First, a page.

My plan for the next month or so is to carry out more interviews, complete the data analysis, and then start revising the model I developed for my research proposal. Then I’ll be developing a web-based survey to test the model. This is likely to take a month or so to get set up, given what I’ve recently learned about the survey tool I’ll be using. So it looks as if the survey will be ready in May or June.
One of the other things I’ve learned about research is that timing is important, and mine’s not very good. Sending out the first round of invitations at (American) Thanksgiving wasn’t a good idea, and then of course the second lot happened just before Christmas. I’m hoping that things will be a bit smoother now that the holiday season is over, and people’s routines are returning to normal.
January 26th, 2007
It’s nice to have my intuition confirmed by research. CNET news reports that an EU research report has found that the total cost of ownership (TCO) of open source software is lower than that of proprietary software. The article doesn’t give much detail about the study itself, and I haven’t had time to search for it, but apparently the findings are based on a study of businesses using open source software in six EU countries. Other findings are that short term costs can be higher because of the cost of staff training (but of course that’s true for any new software implementation), and curiously, that some staff might feel undervalued if they’re asked to work with ‘free’ software. Presumably this comes from a perception that they’re not worth spending money on. What this says to me is that the way open source software is introduced is important, and the benefits need to be made clear to ‘muggles’.
(added January 28, 2007) The full report is 287 pages long. I suggest starting with the executive summary. There are some interesting comments about using open source software in education, and the benefits for students.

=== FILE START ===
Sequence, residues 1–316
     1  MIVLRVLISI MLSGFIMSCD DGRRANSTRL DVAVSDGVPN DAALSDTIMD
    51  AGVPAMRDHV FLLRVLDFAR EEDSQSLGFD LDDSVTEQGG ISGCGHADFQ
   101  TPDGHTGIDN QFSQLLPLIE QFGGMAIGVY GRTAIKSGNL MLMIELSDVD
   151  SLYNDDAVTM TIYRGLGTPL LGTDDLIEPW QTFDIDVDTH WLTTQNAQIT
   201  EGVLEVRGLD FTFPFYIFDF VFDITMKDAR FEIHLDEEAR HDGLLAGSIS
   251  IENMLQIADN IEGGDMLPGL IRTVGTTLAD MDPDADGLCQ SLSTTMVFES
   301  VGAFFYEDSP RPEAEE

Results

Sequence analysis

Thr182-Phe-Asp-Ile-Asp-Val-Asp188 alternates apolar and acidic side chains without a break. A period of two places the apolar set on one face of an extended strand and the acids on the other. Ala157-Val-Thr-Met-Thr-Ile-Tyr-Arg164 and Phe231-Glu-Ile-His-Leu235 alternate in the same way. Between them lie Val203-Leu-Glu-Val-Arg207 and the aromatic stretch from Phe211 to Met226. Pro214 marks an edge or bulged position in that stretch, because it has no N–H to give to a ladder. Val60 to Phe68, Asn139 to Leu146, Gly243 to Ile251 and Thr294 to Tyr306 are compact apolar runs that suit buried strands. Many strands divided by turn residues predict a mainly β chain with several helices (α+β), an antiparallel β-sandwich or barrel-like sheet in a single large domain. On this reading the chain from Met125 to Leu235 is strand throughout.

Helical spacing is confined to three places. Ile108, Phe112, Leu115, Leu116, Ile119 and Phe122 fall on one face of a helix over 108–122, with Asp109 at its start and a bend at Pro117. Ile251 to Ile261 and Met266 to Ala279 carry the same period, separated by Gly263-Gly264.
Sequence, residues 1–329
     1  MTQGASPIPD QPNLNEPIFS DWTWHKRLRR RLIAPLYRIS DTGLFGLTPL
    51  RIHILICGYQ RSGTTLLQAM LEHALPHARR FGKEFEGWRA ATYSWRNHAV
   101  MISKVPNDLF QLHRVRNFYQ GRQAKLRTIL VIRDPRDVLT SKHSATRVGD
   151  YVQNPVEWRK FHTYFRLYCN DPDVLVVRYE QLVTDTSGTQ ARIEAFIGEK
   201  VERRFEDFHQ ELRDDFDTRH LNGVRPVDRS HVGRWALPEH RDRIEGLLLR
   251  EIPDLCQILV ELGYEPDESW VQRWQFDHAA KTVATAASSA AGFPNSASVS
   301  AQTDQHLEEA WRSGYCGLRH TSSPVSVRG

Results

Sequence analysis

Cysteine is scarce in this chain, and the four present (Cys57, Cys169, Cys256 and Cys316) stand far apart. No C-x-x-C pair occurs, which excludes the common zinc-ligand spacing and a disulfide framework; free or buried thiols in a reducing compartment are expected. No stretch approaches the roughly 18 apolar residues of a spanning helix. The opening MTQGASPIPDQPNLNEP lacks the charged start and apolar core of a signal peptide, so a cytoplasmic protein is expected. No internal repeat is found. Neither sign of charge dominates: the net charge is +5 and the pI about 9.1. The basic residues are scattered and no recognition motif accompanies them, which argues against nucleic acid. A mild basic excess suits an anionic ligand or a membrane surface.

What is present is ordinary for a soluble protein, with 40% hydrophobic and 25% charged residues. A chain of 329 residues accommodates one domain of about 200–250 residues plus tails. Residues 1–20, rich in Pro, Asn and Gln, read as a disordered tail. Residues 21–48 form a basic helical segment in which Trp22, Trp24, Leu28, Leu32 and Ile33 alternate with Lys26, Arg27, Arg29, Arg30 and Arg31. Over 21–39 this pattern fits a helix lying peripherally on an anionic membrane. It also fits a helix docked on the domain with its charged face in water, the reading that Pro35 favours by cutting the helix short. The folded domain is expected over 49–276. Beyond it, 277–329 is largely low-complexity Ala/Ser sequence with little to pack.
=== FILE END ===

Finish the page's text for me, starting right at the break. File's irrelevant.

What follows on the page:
January 20th, 2007
One consequence of the bad weather during the break is that we were able to catch up on some films. Here’s a list of what we saw, with some brief comments.
- Spiderman 2. We missed this the first time around. It was great. I always like Tobey Maguire, and he plays geeky types so well.
- King Kong, the Peter Jackson version. The verdict: too long and a bit self-indulgent (i.e. too many dinosaurs). King Kong and the rest of the CGI effects were amazingly realistic. Can we believe anything we see in on screen any more? My only other comment is that when King Kong fought the dinosaurs I was reminded of a kung fu movie.
- Grave of the Fireflies. An early anime film from Studio Ghibli. The story of a Japanese teenager and his young sister trying to survive toward the end of World War II, with a depressing (but probably realistic) portrayal of human nature.
- Syriana. Another pessimistic movie about the oil industry and its influence in the Middle East. Very well done, and George Clooney was almost unrecognisable.
- La Doublure (or The Valet in English). The movie. Only the French do comedy like this. A light-hearted farce with Daniel Auteuil in good form as an amoral company chief executive, trying to save his marriage without losing his mistress.
January 16th, 2007
Will 2007 be the year open source finally becomes mainstream in the U.S. library community?
Two of the members of the LITA Top Tech Trends panel have included open source software on their lists of 2007 top trends; see the LITA blog entries by Thomas Dowling and Karen G. Schneider on January 13th. I wonder if any of the other panelists will mention it?